In May 1898, Orth Harper Stein left Atlanta for New Orleans. He was 35 and dying of TB. He wanted to spend his remaining time writing short stories, but he appeared to have saved no money out of his income from The Looking Glass. He soon found work at the Camp Street offices of the New Orleans Times-Democrat, writing, drawing and engraving. After a year he was assigned the daily column “By the By,” an unsigned 2,000-word miscellany that appeared daily.
Stein filled “By the By” with detailed sketches of life in the city he quickly came to love. Despite his grave illness he roamed the city day and night and nothing missed his eye. He also wrote about medicine, science, literature and politics. Stein wrote six columns a week every week, exhibiting a encyclopedic knowledge, lethal wit and acute eye and ear in a clear, elegant prose style with nothing of his contemporaries’ late-Victorian grandiloquence to it. “By the By” was quoted and plagiarized by columnists wherever English was spoken and read, but Orth Stein’s name never appeared on a single column. In addition to his daily column, he contributed several long features to the paper every week.
Inevitably his lungs began to fail. On April 22, 1901, his friends telegraphed his mother and sister in Indiana to come quickly to New Orleans. They found Stein at his typewriter in his room at the Grunewald Hotel, his lungs hemorrhaging. Orth Stein died in his hotel room April 26, 1901. His body was returned to Lafayette, Ind., and buried next to his father’s in the city cemetery overlooking Purdue University. Some unknown person has paid for perpetual care for Orth Stein’s grave; it remains carefully tended today while those of his sister and parents grow up in weeds.
Stein’s work as both writer and artist was overwhelmingly anonymous or pseudonymous, both in his own publications and elsewhere. He used as many aliases as a short story writer as he had as a check forger. He was gifted and prolific but seemed to care nothing for fame. His work is available today only in bound volumes of old newspaper and stray reels of microfilm scattered across the continent. He made no lasting contribution to poetry, art or fiction, but he was one of the most talented of a breed of journalists that has disappeared from the earth. Stein was a unique creature of America in the late 19th century, the brilliant itinerant newspaperman who could toss off a Latin epigram, repair a steam press, bribe a jail guard for an interview, quote Oscar Wilde, Tesla, John Stuart Mill or Ecclesiastes as the situation demanded and roll into a strange town with nothing but a change of clothes and a few felony convictions and within months be publishing a newspaper backed by powerful local businessmen and politicians.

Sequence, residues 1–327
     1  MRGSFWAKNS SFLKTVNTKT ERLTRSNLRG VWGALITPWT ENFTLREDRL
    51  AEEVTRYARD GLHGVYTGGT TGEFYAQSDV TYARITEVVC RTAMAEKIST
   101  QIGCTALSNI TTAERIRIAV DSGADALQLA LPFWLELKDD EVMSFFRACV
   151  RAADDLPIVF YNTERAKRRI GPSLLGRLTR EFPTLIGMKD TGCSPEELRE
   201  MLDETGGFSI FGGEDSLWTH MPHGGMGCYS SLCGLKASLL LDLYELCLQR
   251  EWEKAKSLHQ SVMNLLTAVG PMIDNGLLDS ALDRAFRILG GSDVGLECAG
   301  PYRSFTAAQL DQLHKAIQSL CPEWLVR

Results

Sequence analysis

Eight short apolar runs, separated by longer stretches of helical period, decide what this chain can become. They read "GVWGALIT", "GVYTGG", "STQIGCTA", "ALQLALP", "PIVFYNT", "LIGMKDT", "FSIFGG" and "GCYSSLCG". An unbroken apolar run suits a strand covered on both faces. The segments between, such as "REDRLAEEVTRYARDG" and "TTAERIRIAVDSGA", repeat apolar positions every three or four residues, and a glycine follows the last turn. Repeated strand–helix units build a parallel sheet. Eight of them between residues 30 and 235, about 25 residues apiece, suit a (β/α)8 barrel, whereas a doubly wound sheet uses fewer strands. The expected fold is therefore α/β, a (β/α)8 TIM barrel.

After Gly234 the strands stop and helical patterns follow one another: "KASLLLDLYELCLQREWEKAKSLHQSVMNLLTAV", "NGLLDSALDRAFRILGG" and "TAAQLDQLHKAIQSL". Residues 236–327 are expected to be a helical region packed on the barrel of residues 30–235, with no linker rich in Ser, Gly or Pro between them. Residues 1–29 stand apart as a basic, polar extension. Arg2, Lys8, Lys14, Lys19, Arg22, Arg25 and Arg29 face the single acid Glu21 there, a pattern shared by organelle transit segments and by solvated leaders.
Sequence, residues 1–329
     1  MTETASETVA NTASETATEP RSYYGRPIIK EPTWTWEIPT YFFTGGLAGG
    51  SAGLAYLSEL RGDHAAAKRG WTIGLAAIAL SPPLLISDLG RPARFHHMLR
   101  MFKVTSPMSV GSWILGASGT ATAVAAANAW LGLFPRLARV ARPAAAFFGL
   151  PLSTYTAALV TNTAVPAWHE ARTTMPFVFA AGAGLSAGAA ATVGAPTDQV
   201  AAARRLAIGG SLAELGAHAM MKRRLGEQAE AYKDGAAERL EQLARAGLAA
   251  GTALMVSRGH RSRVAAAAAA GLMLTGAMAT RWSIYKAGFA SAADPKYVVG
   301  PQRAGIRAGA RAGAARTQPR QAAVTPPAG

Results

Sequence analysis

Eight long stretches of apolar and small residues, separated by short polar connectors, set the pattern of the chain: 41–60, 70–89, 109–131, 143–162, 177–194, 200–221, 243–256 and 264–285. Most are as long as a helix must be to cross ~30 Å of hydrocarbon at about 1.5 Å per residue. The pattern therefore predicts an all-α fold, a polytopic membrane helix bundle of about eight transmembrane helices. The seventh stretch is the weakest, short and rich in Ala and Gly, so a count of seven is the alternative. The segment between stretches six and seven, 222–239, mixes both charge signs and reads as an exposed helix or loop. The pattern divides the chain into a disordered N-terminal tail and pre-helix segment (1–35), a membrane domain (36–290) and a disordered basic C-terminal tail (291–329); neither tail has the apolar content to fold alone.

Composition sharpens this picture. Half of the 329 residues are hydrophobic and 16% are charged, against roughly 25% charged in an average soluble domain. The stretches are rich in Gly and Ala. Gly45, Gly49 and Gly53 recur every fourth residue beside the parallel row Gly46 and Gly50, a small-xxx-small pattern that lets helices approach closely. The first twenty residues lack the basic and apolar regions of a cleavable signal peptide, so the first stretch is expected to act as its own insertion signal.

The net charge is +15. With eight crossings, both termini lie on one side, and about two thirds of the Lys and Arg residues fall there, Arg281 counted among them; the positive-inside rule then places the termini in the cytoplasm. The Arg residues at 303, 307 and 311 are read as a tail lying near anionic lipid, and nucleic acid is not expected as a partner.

Stein railed against pretense, snobbery, the military, organized religion and authority in almost any form, but his was an aesthete’s rebellion. Stein mistrusted and ridiculed the reform and revolutionary movements of his day; the Populists, Socialists, anarchists and Fenians. Though he spoke out vehemently against lynching and racial exploitation he loathed African-Americans. He sympathized with the plight of prostitutes and delighted in the boldness of the “new women” of his day but did not support women’s suffrage. Stein was probably the only Georgia editor of his day who openly opposed capital punishment.
He delighted in ridiculing the Georgia militia and the military pretensions of the state’s ruling class. The Looking Glass and its political opposite number, the People’s Party Paper, stood alone among Georgia newspapers opposing the Spanish-American War. Stein sided with the victims of corrupt policemen and judges but was disgusted with beggars and worked ceaselessly for their forced removal from Atlanta.
Stein was a bourgeois bohemian who loved the wicked world that flourished in the shadow of Victorian capitalism, but needed that vast bulwark of respectability and property kept intact to cast the twilight where his beloved saloons and brothels and opium dens could flourish.
The Atlanta Journal wrote of him after his death:
His fondness for worldly things probably prevented him from attaining eminence in a journalistic way. His writings were at all times in the most polished English, facile, logical… Orth Stein was not a southern gentleman. But something in his nature did not permit any man to question his courage.
In concluding this series of articles I wish once again to thank Mr. Robert C. Kriebel of Lafayette, Ind., for generously sharing his files with me. His Poets, Painters, Paupers, Fools: Indiana’s Stein Family (Purdue University Press, 1990) provided me with most of my information about Stein’s life before 1890 and after 1898. The research on Stein’s Georgia career is my own.
The following are the final two verses of a poem of Orth Stein’s composed near the end of his life:
What delicate wraith of passion,
What ghost of the yesteryears—
‘Twas something as sweet as kisses,
Something as sad as tears.
Rising only to vanish,
As a pang of the flesh may tell us
Where a wound has long since healed
Next Week: The One-Eyed Socialist Preacher and The Killer Who Swapped Souls With a Dog: Atlanta’s Osborne Brothers.
© 1994 John Ryan Seawright
Like what you just read? Support Flagpole by making a donation today. Every dollar you give helps fund our ongoing mission to provide Athens with quality, independent journalism.